New York’s best Williamsburg restaurants span everything from old-school steak restaurants—where the waiters still wear waistcoats and bowties—to hipster-approved eateries, where the chefs sport nearly as many tattoos as the clientele. There is plenty of choice, whether you’re looking for cheap eats before (or after) hitting one of the city’s best Williamsburg bars or great spots for brunch in Brooklyn.
RECOMMENDED: Full guide to Williamsburg, Brooklyn
Best Williamsburg restaurants
Much has changed in Williamsburg since 1950, but stalwart steakhouse Luger’s remains satisfyingly the same. The porterhouse for two (or three … or four) is the house specialty: dry-aged in-house and seasoned only with salt and clarified butter. But you would be remiss not to begin a meal here with the bacon: extra-thick, extra salty and rightfully famous on its own.
Much-heralded chef Missy Robbins delighted Williamsburg when she opened Italian stunner Lilia early in 2016. While Robbins is rightfully famed for her pasta (you’ve probably seen the mafaldini with pink peppercorns on Instagram a few hundred times), the sleeper hit is the soft-serve gelato, sprinkled with your choice of toppings like walnuts preserved in lemon syrup.
“Wait, do I eat the rock, too?” It’s an admittedly odd-sounding question, but it’s a legitimate one to ask while dining at Aska 2.0, the revival of the Michelin-starred Scandinavian kitchen helmed by Swedish wunderkind chef Fredrik Berselius. “No, just the two leaves on top,” the server replies without judgment. Those leaves are dried bladderwrack sourced from Maine, which Berselius and his workhorse band of sous chefs fry to a crackle and bead with blue-mussel emulsion. The plating you might not immediately understand, but the taste you do: It’s staunchly sea, with the briny funk of seaweed and shellfish. That inventiveness—rendering uncommon ingredients familiar (and common ingredients unfamiliar)—is what reaped Berselius much critical acclaim at the original Aska, which operated out of Kinfolk Studios until 2014.
This vegetable-forward 18-seater in Williamsburg has won near-universal praise since opening in 2014. With meat and fish playing only an accompanying role, greens and grains have their moment to shine brightly. The dishes change nightly and are predicated on what’s available from the restaurant’s farm suppliers, ensuring patrons sample only what is perfectly in season.
Meat is the keyword at this perpetually packed Williamsburg spot. While not a steakhouse per se, classic dishes like an iceberg wedge with blue cheese and warm bacon dressing will please any purist. More adventurous eaters, however, can chow down on mains like the bourbon-brined pork porterhouse. Oenophiles should not miss the wine list, which is immense and delightful.
Any Lima lover could tell you that there’s more to Peruvian food than citrusy ceviche and crisp-skinned rotisserie chicken, though both are dutifully on offer at Llama Inn, a lively terrarium of a restaurant disjointedly set beneath the BQE. Its chef is first-generation Peruvian-American Erik Ramirez who, following a sous stint at Eleven Madison Park, parlayed that heritage into an executive-chef post at high-end ceviche spot, Raymi.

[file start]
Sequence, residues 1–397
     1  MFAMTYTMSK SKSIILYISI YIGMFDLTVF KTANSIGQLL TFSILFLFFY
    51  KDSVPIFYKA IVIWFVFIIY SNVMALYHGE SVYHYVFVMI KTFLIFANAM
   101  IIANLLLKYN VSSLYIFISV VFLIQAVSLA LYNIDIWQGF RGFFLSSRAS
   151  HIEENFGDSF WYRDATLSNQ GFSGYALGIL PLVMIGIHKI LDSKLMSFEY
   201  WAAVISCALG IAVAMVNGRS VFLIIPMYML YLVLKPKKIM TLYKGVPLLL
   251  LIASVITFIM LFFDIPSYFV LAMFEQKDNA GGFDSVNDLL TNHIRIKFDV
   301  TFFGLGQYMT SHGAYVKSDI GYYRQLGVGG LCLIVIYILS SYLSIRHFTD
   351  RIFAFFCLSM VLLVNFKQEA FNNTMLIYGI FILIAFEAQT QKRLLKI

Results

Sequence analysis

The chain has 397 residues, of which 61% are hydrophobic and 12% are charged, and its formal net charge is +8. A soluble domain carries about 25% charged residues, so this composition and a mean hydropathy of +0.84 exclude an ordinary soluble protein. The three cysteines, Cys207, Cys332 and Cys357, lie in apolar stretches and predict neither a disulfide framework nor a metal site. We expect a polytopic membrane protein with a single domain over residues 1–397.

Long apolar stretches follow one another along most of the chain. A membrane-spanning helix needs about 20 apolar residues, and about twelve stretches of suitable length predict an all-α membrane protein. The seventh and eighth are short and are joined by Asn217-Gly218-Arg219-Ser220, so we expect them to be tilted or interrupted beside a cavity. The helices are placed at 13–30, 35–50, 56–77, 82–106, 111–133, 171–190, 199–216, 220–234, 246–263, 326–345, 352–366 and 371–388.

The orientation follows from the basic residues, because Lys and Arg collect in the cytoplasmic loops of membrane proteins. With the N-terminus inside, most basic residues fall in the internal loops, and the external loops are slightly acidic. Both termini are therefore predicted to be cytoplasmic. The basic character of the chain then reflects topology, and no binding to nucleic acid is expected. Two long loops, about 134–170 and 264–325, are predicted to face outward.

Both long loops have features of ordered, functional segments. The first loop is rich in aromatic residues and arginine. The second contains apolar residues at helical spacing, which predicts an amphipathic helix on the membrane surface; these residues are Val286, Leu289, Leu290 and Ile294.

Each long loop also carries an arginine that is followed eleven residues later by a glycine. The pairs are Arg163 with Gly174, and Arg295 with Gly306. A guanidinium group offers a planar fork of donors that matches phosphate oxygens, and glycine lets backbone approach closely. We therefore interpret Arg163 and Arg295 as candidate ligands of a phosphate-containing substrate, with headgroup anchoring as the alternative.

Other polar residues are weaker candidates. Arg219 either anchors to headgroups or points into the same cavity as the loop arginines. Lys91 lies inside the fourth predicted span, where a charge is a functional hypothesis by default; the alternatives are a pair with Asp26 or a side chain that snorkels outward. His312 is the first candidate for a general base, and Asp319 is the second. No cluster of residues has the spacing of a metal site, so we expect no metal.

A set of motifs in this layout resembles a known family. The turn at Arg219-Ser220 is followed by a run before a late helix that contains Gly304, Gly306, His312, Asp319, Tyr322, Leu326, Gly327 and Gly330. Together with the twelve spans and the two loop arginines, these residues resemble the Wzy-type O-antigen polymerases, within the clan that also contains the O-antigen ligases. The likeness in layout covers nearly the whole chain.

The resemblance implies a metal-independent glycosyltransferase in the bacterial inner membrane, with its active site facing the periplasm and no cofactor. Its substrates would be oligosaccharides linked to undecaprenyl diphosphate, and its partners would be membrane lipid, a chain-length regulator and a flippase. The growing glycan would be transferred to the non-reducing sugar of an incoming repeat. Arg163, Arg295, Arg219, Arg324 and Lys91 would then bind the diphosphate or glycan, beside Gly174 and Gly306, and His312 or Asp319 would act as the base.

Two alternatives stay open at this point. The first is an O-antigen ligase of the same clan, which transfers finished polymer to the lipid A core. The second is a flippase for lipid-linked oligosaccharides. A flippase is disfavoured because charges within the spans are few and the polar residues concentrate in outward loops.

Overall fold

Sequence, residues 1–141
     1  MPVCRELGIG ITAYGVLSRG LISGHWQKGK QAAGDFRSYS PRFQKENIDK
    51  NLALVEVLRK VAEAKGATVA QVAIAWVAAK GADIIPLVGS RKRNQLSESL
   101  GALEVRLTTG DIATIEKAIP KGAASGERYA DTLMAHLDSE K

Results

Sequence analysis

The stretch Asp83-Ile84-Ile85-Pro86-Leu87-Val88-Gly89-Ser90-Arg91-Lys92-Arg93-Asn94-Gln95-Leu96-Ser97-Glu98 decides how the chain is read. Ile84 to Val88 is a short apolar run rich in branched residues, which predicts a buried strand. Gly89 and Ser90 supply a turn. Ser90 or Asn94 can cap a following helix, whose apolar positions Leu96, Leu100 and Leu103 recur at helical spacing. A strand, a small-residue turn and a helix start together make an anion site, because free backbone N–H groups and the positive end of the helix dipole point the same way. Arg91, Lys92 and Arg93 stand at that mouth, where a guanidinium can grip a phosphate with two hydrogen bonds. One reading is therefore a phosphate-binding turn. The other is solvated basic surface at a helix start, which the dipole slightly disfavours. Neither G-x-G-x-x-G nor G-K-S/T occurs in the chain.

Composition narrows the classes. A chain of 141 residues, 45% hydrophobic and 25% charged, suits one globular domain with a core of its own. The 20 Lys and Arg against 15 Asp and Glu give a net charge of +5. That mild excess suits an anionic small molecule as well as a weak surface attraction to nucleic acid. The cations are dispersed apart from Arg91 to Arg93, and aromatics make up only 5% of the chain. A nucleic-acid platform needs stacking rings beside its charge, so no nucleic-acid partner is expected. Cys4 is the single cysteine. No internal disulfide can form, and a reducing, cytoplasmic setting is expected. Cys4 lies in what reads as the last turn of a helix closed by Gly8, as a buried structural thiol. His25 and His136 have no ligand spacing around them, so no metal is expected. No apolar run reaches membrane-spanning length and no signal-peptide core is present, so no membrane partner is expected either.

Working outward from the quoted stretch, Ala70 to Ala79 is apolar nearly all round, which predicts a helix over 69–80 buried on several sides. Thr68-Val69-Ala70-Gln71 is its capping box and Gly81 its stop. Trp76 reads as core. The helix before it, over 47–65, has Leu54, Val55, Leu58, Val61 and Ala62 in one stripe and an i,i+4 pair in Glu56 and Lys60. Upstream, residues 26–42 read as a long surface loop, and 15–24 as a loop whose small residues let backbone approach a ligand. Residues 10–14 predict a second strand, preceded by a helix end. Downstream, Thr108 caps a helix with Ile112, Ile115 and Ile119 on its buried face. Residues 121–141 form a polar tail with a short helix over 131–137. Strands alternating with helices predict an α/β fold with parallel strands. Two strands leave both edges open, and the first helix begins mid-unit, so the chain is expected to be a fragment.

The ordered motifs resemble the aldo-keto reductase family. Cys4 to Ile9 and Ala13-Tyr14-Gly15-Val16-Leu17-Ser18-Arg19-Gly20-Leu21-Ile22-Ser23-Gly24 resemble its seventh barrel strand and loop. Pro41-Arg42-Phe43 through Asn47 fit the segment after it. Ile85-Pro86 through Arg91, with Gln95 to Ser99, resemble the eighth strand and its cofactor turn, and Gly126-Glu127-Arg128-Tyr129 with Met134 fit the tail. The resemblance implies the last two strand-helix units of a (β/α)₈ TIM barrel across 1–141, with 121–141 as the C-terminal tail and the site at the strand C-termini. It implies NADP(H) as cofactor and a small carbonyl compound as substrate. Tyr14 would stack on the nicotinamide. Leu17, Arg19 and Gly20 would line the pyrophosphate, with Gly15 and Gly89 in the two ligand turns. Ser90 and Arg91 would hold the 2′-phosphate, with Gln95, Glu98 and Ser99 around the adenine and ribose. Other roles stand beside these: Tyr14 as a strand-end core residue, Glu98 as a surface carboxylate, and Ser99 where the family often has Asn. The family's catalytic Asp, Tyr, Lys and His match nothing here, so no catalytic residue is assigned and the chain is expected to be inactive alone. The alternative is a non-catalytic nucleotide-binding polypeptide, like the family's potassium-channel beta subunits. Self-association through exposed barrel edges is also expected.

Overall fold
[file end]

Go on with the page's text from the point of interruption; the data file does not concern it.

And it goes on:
This bright and airy Williamsburg spot serves food as cheerful and refined as its décor. Under chef Polo Dobkin, the Michelin-starred restaurant cranks out seasonal fare with an emphasis on crisp vegetables and straightforward fish and meat preparations. Keep an eye out for the cavatelli with braised rabbit, made lush with fresh ricotta and fava beans.
Chef-owner Nate Smith, who earned his gastropub stripes at the Spotted Pig, broke out on his own with this laid-back Williamsburg tavern. The 47-seat space is done up with a reclaimed pine bar, vintage wallpaper in different patterns and brass-hunting-horn chandeliers with matching sconces. Choose from chefly bar grub (like smoked-trout spread or spicy pork-stuffed pastry rounds); heartier dishes (such as roasted lamb or shellfish stew); and greens (including a chicory salad with figs and pomegranate). The drinks list takes a locavore slant with small-production wines and craft beers on tap, plus a selection of market-driven cocktails.
Doubts that Joe and Kim Carroll were serious when they named their new Williamsburg barbecue joint Fette Sau, German for “fat pig,” are put to rest at the food counter, where the lightest meat served is charred pork (even chicken has been banished). Any lingering apprehension vanishes at the bar, where beer drinkers can choose from ten brews on tap, offered in gallon-size glass jugs. Such unbutton-the-pants gusto, fervent even by gluttonous barbecue standards, makes Fette Sau great fun.
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Salt + Charcoal
Jiro Iida (Aburiya Kinnosuke) wields fire and salt to boost locally sourced produce, Wagyu beef and imported catches (Scottish salmon, Madagascar prawns) at his robata-focused den. Using a traditional Japanese charcoal grill, he slow-roasts whole fish, tsukune (chicken meatballs) and even skewered gizzards over glowing imported oak coals. “Nature makes the ingredients,” he says. “Salt and charcoal make them delicious.” For each fired dish, he chooses an array of salts, including Japan’s preferred umi no ko from the Goto Islands. Off the embers, Iida offers house-made tofu, sashimi and a slew of salads (kale Caesar, seaweed) from his open kitchen. At the bar, the namesake margarita is sprinkled with charcoal-infused salt and a dash of jalapeño, while sake and shochu selections, along with the wine list, are chosen by a sommelier.
Venue says: “From February 20th to March 19th we will be providing a complimentary sample of our signature Dry Aged Beef Steak from our new menu!”